The Sunshine State has no shortage of unofficial nicknames.
Is one the Greyhound Racing State?
Animal-rights supporters and some lawmakers suggested as much during the 2012 legislative session. It cropped up in January, when Sen. Maria Sachs, D-Delray Beach, and Rep. Dana Young, R-Tampa, were garnering support for their proposal to allow dog tracks to stop racing dogs but keep their card rooms and slot machines.
People don’t flock to these tracks for the greyhounds anymore, they said.
"It’s a new Florida, and this is not what we need to be remembered for, as the largest dog-racing state in the country," Sachs said. "We are soon to be No. 3 in the country as the most populous state, and our culture does not look at mandated dog racing anymore."
It’s unlikely greyhound tracks will be able to go dog-free anytime soon. A broader expansion of casino gambling has been sidelined, and Young and Sach’s bills have been idling in committees.
Still, we wanted to know, does Florida really deserve the rep as the nation’s home for parimutuel dog racing?
We consulted the American Society for the Prevention of Cruelty to Animals, or ASPCA, which lobbied in support of letting tracks keep gambling without dog-racing.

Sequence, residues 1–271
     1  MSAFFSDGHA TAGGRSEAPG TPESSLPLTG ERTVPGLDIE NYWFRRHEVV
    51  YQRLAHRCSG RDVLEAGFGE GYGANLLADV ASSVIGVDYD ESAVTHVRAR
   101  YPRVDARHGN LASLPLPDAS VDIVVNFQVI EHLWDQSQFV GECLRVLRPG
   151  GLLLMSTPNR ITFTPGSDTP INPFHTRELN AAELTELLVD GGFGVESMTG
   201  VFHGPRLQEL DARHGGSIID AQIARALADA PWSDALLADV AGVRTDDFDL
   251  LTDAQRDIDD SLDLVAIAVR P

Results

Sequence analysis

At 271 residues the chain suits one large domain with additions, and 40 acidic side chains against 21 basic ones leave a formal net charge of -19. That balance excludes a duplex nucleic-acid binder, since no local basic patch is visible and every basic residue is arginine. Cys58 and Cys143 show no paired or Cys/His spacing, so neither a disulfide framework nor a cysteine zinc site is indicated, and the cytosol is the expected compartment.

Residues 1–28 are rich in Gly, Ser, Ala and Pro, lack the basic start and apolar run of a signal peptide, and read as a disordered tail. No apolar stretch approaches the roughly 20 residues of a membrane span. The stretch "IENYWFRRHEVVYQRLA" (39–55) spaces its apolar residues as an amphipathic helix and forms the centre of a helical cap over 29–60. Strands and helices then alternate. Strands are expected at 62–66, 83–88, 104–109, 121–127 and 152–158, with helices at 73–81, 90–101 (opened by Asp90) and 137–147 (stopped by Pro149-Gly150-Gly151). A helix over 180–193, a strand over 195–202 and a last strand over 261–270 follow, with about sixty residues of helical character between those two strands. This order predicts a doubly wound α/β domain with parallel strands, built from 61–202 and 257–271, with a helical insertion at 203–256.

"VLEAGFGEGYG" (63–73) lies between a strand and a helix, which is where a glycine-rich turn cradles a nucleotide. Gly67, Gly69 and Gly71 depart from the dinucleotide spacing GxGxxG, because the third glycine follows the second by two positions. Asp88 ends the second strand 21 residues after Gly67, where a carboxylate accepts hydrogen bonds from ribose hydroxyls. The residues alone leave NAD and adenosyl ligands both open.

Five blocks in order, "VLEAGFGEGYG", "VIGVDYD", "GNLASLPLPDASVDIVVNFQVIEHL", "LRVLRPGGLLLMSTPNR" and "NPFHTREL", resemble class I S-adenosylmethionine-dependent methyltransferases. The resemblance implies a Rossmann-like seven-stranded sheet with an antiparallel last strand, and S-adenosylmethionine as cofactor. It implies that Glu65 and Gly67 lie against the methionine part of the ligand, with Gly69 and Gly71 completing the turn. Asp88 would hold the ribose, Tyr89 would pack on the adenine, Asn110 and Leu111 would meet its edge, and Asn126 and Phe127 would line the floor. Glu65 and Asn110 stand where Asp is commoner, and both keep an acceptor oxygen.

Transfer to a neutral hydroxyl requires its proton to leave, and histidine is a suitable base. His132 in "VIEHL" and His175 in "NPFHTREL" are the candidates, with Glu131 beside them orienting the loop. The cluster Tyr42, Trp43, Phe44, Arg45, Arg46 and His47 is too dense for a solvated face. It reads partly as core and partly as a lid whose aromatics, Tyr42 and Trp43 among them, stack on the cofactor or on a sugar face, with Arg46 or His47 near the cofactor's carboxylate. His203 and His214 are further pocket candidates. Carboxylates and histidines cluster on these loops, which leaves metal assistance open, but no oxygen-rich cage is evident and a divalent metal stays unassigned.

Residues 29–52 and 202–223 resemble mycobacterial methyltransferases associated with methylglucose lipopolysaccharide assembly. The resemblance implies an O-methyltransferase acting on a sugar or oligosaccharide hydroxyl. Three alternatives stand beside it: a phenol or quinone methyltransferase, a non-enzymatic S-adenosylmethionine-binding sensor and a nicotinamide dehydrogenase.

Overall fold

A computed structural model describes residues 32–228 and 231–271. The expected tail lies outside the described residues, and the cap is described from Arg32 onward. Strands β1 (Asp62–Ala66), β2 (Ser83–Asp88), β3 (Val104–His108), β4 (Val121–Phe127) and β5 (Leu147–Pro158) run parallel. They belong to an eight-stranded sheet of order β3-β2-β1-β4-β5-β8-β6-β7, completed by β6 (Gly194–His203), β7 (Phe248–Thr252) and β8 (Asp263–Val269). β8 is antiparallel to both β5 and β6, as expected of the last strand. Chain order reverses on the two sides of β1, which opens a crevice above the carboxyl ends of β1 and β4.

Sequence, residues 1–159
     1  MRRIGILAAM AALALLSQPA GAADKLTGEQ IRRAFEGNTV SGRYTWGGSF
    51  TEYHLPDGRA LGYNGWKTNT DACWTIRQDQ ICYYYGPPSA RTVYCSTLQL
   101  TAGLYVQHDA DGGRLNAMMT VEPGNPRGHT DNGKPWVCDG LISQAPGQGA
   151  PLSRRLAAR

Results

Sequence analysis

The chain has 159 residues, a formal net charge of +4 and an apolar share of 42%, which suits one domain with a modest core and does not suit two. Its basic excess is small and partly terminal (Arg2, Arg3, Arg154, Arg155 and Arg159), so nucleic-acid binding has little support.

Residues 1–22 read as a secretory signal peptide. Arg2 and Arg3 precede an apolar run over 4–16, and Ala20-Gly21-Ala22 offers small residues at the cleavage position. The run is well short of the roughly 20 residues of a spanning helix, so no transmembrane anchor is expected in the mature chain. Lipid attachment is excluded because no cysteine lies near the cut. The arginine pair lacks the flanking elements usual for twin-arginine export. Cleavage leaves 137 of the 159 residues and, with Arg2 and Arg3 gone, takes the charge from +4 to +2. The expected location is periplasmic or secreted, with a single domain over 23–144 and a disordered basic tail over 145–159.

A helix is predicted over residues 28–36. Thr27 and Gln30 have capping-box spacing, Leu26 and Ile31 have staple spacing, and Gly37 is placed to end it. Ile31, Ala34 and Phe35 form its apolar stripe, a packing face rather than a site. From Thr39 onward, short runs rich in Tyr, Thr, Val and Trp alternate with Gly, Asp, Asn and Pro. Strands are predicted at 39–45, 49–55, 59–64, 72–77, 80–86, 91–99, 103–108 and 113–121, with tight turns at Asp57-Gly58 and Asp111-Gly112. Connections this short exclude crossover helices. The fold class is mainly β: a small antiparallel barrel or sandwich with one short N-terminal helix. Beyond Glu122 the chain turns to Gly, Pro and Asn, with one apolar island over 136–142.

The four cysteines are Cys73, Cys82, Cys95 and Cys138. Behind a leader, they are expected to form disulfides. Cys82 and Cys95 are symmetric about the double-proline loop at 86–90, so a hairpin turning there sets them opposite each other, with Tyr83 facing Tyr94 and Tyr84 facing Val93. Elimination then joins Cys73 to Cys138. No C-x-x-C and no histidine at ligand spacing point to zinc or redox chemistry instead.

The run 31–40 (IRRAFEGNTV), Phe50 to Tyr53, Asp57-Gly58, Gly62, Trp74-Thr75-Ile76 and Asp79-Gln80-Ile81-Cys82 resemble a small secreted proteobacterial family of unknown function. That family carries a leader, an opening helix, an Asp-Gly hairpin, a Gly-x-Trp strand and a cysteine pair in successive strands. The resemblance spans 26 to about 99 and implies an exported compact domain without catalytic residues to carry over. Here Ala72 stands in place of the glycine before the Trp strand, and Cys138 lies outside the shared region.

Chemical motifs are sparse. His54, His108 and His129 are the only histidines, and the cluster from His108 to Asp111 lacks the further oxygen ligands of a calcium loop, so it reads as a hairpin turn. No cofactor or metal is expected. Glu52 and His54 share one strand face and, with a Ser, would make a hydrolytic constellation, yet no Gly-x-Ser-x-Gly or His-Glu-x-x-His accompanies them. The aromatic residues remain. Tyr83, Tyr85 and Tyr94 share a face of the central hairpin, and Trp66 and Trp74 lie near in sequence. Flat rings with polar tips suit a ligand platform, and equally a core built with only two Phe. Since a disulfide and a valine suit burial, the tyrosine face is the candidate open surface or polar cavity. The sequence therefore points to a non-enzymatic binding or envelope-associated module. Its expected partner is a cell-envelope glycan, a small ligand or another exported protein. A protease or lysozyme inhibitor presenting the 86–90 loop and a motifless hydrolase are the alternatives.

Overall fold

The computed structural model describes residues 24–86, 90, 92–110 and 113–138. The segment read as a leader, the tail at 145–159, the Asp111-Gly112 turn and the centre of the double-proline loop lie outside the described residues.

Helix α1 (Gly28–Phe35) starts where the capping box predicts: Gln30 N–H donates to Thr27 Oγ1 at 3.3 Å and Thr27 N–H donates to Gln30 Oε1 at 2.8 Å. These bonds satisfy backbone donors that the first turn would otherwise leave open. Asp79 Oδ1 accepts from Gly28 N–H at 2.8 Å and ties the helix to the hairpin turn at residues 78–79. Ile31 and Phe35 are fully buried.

The nickname is deserved and then some, they said. No other state comes close.
"It's always been the largest," said Ann Church, ASPCA lobbyist.
For decades, greyhound racing was viewed as high-end, glamorous entertainment. It’s been in Florida since 1931.
"It was firmly entrenched," Church said. "It was a destination event, going down to Florida and doing that."
Racing enthusiasts say it still appeals.
"There's still a demand and love and excitement for the sport out there," Gary Guccione, executive director of the National Greyhound Association, told the Tampa Bay Times in 2011. "I don't know that it's dying. Greyhound racing, in one form or another, has been around for thousands of years."
Today, greyhound racing exists in just seven states, including Florida: Alabama, Arizona, Arkansas, Iowa, Texas and West Virginia.
None of those states has more than two active tracks.
But Florida? It’s home to a whopping 13 of the nation’s 22 tracks.
Locations are all over the state. There’s Derby Lane in St. Petersburg, Mardi Gras near Hollywood, the Daytona Beach Kennel Club and Poker Room, and Jefferson County Kennel Club in the rural North Florida town of Monticello.
The ASPCA numbers match up with a Florida Senate committee analysis and information from Grey2K USA, a nonprofit organization that campaigns against greyhound racing.
Commercial dog racing is illegal in 38 states, according to the group’s state-by-state comparison of dog-racing laws.
Opponents and supporters can agree on one thing: Sachs’ claim that Florida is the nation’s largest dog-racing state is deserved.
We rate it True.